First, there is the untruth associated with this. In the last 10 years, milling capacity has increased 50% in the rural prairie region and four new institutions have popped up for value added. It is not as though it is impossible.
At the same time, south of the border, the milling capacity increased 9% and there were no new installations.
They would have us believe that it will be nirvana, that for a nominal fee they could reach nirvana tonight, that old myth. They are trying to promise all kinds of changes that would occur overnight because there is one guy who is waiting to open his doors as soon as they get rid of the Wheat Board. Do members know why? Because he would be able to buy grain cheaper. The Wheat Board did not offer a premium to producers, because their mandate was to get the best price for farmers. The only way to get grain cheaper is to give farmers less for it. Is that in the best interests of the prairie producers?
That is only one of the inconsistencies in their argument. If we were given the luxury of time at a parliamentary committee, we could study many others. I guarantee that their own members would have serious questions about why they are ramming through this ideological crusade in the absence of reason, logic, a business case, or even an economic case of why it might be a good idea.
Mr. Speaker, first I would like to comment on the parliamentary secretary's statement about spending by the board. The board has a fiduciary duty to protect the board and the interests of wheat farmers. That is why that money was spent.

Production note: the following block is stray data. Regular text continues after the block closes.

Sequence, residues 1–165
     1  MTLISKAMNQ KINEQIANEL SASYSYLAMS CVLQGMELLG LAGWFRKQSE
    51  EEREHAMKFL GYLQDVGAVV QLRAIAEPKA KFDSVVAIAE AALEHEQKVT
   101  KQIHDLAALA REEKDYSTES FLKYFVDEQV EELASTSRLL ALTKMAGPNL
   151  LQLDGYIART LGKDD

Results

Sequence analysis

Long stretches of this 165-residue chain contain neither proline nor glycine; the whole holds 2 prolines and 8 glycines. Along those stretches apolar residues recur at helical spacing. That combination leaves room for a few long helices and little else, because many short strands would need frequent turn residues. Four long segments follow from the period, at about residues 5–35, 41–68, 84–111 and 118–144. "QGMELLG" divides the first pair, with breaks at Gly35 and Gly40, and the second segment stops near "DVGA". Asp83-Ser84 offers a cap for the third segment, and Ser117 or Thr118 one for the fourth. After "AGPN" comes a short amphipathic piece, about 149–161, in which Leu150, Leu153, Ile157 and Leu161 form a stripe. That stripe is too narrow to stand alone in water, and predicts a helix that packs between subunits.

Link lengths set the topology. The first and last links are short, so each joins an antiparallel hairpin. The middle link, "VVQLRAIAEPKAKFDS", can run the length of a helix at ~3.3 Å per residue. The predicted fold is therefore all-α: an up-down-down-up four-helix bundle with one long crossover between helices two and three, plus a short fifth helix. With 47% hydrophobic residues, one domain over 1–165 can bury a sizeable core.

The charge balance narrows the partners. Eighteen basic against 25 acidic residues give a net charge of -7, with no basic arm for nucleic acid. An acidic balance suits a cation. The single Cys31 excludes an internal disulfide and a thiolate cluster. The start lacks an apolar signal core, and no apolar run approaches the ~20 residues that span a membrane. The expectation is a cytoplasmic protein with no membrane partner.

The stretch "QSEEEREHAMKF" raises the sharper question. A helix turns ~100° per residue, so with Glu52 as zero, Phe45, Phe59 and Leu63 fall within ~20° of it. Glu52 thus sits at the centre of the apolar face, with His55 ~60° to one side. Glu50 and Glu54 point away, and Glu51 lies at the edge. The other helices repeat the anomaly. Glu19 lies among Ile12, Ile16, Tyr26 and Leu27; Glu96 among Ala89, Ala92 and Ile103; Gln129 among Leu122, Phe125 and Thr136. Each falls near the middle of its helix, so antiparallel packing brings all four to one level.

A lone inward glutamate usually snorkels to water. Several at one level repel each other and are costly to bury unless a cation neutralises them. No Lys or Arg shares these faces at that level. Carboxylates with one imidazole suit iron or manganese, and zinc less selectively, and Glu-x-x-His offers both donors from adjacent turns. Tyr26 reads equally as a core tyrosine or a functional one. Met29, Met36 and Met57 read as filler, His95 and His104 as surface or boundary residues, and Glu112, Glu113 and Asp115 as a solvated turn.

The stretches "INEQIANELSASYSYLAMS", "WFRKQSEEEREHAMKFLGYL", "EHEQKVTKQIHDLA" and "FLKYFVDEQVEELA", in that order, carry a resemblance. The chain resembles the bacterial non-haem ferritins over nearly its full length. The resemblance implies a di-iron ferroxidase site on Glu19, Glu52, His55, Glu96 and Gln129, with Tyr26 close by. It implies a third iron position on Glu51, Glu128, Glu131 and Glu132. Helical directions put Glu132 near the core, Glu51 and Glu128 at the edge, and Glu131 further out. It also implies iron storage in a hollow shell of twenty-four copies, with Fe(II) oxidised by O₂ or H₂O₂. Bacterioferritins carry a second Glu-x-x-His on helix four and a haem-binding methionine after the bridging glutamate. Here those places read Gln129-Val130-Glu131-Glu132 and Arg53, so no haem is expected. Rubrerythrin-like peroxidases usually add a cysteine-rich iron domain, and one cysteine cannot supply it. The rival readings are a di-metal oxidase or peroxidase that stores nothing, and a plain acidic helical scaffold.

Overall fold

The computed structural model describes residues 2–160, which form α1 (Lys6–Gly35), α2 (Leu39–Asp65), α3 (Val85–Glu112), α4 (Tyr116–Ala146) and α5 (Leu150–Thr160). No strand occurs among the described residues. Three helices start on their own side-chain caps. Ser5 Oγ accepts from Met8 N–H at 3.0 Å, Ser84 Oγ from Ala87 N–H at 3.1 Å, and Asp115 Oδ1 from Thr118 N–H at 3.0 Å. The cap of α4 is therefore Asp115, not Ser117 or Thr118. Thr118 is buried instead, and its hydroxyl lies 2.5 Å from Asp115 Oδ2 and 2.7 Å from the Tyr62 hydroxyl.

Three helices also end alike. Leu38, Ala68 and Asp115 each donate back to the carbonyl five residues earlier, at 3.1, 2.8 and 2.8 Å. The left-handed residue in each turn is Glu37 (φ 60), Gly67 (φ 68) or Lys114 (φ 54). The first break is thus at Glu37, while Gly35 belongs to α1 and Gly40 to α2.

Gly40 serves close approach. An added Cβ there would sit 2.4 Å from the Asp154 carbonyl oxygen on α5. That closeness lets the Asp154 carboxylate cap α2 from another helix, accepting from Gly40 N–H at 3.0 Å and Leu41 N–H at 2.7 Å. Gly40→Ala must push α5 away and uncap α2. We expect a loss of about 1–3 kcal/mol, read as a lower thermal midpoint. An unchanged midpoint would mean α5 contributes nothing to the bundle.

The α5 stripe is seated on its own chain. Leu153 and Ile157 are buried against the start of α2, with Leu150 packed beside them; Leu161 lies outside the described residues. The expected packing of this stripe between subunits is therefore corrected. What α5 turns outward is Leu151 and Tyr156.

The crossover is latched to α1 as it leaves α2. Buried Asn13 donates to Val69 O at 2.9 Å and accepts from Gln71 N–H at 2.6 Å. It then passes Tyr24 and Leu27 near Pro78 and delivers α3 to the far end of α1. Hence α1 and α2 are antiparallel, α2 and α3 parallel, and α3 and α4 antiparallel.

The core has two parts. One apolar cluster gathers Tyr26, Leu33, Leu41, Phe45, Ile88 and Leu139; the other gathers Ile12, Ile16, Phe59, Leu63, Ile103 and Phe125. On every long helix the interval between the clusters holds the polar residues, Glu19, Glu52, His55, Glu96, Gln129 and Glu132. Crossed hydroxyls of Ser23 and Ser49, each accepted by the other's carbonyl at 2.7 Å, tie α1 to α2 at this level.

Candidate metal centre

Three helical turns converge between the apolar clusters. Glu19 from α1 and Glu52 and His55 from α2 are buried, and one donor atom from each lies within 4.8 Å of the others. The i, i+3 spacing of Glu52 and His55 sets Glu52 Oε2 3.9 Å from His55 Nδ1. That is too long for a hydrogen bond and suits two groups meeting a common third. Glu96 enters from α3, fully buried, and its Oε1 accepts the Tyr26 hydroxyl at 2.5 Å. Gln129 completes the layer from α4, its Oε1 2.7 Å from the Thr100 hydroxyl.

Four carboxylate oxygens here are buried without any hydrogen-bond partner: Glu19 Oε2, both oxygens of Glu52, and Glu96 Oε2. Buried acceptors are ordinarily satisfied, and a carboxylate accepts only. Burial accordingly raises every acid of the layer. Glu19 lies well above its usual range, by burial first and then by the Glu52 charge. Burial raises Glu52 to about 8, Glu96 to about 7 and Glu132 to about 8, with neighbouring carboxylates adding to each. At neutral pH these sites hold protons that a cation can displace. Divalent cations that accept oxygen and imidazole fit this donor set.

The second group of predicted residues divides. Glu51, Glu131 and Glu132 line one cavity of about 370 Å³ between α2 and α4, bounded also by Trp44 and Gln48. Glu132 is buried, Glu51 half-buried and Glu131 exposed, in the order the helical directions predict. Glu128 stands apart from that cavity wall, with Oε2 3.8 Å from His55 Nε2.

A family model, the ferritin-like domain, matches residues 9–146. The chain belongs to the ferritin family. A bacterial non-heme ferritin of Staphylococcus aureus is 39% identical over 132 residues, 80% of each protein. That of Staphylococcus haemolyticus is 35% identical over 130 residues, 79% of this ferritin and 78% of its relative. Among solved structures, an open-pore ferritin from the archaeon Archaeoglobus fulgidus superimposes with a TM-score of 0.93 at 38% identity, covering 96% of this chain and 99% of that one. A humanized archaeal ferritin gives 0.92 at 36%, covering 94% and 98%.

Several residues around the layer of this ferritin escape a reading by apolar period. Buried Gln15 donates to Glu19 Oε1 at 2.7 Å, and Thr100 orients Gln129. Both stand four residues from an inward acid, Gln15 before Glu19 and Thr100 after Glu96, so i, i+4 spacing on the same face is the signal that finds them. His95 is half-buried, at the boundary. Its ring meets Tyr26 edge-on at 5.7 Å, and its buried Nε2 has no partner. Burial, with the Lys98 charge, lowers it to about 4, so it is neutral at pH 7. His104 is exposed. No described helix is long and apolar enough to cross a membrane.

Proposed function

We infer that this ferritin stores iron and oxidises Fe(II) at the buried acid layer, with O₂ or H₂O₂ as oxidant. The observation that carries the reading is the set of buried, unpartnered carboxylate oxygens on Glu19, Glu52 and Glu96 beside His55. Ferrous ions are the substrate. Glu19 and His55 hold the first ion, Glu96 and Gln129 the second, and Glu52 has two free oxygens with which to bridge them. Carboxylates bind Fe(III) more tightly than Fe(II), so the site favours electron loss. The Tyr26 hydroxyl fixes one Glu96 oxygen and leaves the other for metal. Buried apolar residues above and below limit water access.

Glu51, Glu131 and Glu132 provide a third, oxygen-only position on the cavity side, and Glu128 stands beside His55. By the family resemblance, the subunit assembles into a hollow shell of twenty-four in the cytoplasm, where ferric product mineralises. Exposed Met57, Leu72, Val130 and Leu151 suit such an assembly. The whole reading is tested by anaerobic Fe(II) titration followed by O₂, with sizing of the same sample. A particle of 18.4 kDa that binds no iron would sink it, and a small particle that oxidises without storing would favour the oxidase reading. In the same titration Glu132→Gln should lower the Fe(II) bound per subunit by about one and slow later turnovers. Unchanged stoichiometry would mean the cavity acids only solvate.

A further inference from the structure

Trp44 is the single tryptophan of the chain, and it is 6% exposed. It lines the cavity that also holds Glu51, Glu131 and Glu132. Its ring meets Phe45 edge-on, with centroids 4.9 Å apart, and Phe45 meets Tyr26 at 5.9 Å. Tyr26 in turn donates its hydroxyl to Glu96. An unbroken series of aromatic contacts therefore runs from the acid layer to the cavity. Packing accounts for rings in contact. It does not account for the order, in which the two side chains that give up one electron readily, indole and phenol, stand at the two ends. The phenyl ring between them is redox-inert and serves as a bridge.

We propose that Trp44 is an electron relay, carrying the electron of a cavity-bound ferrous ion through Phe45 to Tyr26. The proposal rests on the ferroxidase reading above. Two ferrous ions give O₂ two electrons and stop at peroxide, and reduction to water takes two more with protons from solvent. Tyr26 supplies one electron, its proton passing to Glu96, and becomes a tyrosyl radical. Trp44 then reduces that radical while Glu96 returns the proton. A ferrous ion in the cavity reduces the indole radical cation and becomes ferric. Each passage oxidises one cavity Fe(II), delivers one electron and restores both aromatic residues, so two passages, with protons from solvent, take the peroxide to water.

I am pleased to rise today in the debate at third reading on the Conservative government's bill that would effectively kill the Canadian Wheat Board. It is an honour because I truly believe that when putting forward legislation such as this, legislation that would not only touch the lives and livelihoods of farmers across the western provinces but would profoundly change the face of agriculture in this country, there should be fulsome debate. Sadly, the Conservative government decided in May that it would not listen to any voices but its own for the next four years. Not only do Canadian farmers who voted to keep the Canadian Wheat Board deserve better, so do Canadians across this country who understand that their bread does not come from the bakery or the grocery store but from the hard work and dedication of Canadian farmers.
Having walked away from the election with only 39% of the vote, meaning that 61% of Canadians do not support the government's measures, the Conservatives have treated their majority as an excuse to walk all over farmers who do not share their ideological beliefs. I remind the House that according to the existing Canadian Wheat Board Act, an affirmative vote of wheat farmers is required under section 47.1 before a change as significant as this is made.